New ballot initiative deteriorates police accountability

On  March 1, William Aitchison, a lawyer representing the Portland Police Association (PPA) filed a ballot initiative, PDX24OL-03, that would make major changes to a previously approved measure surrounding police accountability. 

In 2020, 82% of Portland voters approved Ballot Measure 26-217, a measure that would create an independent, civilian-run Community Board for Police Accountability beginning in 2025. Before the initiative, law enforcement accountability was overseen by the city agency Independent Police Review (IRP). 

Critics of IRP cited weakness for holding police accountable, as well as a lack of transparency with the public based on current laws around police investigation. Under IRP, the police union could also appeal decisions made, rendering many attempts to hold law enforcement liable useless. 

The initiative aimed to solve the issues seen under IRP in several ways, including increasing the budget from $2.8 million to $11 million per year, signifying a minimum of 5% of the Police Bureau’s budget. Board members would also wield more power, with domain over investigating all deaths in custody, uses of deadly force, complaints of force causing injury, discrimination against protected classes and constitutional rights violations. Additionally, law enforcement and immediate family members of law enforcement would be barred from serving on the Community Board. 

The PPA’s new ballot initiative would drastically shift the nature of the original ballot, removing many of its initial demands and reverting the final authority of disciplinary action to the Chief of Police. It eliminates the funding requirement to be at least 5% of the Police Bureau budget, and places all fiscal management to the City Council. According to PPA’s new ballot initiative, members and family members of law enforcement would be able to serve on the board. 

The PPA ballot measure would alter the primary goals of the community board to “review and recommend improvements to recruiting, retaining, and training efforts by the Portland Police Bureau,” rather than fulfill its initial purpose of police accountability. 

The PPA argues that the current plan for the community board would create a bias against police officers. Aaron Schmautz, the head of the Portland Police Association, emphasizes the importance of final decisions being authorized by the chief of police. 

“The chief is responsive to the elected officials and has experience in law enforcement, understands the laws and the rules and the regulations, (should) make that decision,” said Schmautz in an interview for Willamette Week. 

In response to the police union’s ballot initiative, the American Civil Liberties Union (ACLU) of Oregon filed a ballot title challenge on March 12. They will challenge the ballot in the Multnomah County Court, arguing that the title and overall language of the measure is misleading and does not accurately characterize the changes it is making.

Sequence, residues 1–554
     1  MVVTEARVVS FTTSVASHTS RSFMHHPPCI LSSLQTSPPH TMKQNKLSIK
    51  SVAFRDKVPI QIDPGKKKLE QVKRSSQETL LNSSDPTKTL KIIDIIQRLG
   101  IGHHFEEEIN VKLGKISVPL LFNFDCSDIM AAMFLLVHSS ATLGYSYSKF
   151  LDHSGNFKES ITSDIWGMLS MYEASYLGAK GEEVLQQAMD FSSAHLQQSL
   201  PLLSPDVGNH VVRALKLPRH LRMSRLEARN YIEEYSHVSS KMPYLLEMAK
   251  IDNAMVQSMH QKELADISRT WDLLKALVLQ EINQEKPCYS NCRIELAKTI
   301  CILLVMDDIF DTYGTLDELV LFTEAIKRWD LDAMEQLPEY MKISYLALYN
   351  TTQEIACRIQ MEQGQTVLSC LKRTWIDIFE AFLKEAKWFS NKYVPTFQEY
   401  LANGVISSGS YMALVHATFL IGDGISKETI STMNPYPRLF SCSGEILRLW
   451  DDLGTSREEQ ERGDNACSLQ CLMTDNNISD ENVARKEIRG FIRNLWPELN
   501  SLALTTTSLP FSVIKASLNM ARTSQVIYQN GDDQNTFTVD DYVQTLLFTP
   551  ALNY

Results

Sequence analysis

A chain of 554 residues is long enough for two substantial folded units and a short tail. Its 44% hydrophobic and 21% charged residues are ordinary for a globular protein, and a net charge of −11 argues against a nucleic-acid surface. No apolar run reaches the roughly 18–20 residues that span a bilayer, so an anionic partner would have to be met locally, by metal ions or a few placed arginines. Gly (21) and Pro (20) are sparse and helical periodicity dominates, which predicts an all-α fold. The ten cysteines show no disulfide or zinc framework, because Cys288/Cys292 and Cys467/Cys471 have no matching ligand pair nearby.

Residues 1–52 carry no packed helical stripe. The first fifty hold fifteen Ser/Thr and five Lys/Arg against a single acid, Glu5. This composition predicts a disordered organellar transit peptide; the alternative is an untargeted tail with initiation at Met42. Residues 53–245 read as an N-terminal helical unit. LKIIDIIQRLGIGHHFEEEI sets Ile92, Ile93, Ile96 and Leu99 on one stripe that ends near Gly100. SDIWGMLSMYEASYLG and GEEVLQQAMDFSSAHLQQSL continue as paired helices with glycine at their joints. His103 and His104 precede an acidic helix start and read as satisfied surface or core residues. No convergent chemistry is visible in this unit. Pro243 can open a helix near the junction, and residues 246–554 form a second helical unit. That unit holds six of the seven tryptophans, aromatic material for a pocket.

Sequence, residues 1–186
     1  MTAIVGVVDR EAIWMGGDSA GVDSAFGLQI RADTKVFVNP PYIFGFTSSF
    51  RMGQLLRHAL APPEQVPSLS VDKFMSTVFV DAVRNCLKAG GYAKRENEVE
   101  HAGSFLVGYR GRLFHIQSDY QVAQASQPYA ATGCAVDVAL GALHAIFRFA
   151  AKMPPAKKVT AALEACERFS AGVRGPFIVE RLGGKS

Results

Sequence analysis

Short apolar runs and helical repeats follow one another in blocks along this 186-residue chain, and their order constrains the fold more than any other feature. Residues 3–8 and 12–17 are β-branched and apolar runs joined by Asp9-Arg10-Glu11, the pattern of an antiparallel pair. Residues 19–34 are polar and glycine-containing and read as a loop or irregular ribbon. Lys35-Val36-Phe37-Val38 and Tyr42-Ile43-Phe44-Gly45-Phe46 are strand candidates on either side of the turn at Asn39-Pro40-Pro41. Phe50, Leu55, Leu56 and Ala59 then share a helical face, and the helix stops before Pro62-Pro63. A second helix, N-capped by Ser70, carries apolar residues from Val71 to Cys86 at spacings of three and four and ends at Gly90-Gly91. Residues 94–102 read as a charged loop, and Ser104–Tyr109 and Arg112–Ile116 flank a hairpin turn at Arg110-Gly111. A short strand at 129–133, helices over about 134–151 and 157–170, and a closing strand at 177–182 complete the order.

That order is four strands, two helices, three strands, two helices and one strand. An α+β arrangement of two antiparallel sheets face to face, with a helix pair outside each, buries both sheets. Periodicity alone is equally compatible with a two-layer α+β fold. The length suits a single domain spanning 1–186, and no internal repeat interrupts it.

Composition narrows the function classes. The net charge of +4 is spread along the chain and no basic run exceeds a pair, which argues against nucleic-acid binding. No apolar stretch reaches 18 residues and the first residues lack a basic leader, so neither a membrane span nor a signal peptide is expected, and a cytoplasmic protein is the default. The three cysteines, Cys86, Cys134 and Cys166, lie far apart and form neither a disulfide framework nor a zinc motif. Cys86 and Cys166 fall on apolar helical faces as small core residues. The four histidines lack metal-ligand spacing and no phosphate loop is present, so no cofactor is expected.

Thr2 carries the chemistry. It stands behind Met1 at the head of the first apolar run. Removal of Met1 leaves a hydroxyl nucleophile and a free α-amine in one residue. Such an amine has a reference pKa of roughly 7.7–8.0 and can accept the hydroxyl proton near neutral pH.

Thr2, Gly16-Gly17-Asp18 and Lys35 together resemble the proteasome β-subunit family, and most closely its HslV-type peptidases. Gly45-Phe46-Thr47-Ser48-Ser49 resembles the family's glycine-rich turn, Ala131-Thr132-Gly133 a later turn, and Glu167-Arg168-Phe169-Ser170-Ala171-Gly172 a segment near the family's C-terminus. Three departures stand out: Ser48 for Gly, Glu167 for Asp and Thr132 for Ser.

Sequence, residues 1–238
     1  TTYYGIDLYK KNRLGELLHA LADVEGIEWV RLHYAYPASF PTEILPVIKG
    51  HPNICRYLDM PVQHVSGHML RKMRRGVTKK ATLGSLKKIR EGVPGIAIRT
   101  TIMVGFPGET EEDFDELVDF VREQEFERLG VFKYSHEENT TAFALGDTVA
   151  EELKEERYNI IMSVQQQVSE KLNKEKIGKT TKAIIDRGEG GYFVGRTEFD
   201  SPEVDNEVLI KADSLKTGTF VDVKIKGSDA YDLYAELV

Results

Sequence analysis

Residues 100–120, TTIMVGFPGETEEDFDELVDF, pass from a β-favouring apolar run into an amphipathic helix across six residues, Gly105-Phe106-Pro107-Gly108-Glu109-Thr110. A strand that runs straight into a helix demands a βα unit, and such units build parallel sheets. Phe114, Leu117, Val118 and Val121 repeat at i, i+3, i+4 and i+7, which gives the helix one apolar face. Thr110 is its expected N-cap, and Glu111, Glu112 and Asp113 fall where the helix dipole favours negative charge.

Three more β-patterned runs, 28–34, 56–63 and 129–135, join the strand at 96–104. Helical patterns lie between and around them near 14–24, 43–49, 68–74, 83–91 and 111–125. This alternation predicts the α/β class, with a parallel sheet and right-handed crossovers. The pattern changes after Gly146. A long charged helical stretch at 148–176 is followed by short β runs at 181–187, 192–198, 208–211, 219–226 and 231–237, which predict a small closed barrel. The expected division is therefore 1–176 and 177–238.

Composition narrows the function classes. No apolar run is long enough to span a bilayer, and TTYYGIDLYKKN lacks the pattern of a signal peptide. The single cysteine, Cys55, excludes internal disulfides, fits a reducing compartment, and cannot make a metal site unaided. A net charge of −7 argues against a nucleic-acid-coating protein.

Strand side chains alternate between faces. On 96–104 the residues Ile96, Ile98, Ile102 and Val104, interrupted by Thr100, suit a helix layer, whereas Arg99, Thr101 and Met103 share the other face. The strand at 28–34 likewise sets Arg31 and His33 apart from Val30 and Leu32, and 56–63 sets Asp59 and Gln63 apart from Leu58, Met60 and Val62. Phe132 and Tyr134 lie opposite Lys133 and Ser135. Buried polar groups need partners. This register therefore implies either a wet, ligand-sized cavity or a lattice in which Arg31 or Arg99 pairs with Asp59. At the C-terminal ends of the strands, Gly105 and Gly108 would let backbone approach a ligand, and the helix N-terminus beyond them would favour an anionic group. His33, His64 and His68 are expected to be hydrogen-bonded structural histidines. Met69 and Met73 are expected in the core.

“All portions of the ballot title are insufficient or unfair because they fail to inform the voters about, or materially downplay, the significant repeals of existing Board authority that the Initiative would effectuate,” the ACLU’s filing states. 

Reverend Dr. LeRoy Haynes Jr., the chair of the Albina Ministerial Alliance Coalition for Justice and Police Reform, is the primary petitioner of the ballot and issued a statement emphasizing the potential impacts of a regression in police accountability.

“This is both a moral and legal fight for the African-American community, communities of color and progressive people who desire to have both justice and public safety,” said Haynes in his statement for the ACLU petition. “The Albina Ministerial Alliance Coalition for Justice and Police Reform has been working toward a vision of independent, community-led police accountability and oversight since Portland police killed Kendra James in 2003. It is a deep moral injury to be at the moment of being ready to implement that vision just to have the police union try to bring a counterfeit proposal to replace it. I hope that this ballot title challenge lays bare exactly what the police union is doing here — undermining community and accountability.”

The backers of PDX24OL-03 will have to secure 40,748 signatures to get the measure on the 2024 ballot in November, where Portland voters will get to decide the direction of the accountability board. 

If you would like to potentially vote on this ballot and other Portland measures, you can register to vote on the Oregon secretary of state website, where there are several online and paper options available. 

Subscribe to the Mossy Log Newsletter

Stay up to date with the goings-on at Lewis & Clark! Get the top stories or your favorite section delivered to your inbox whenever we release a new issue. 

Be the first to comment

Leave a Reply

Your email address will not be published.

AlphaOmega Captcha Classica  –  Enter Security Code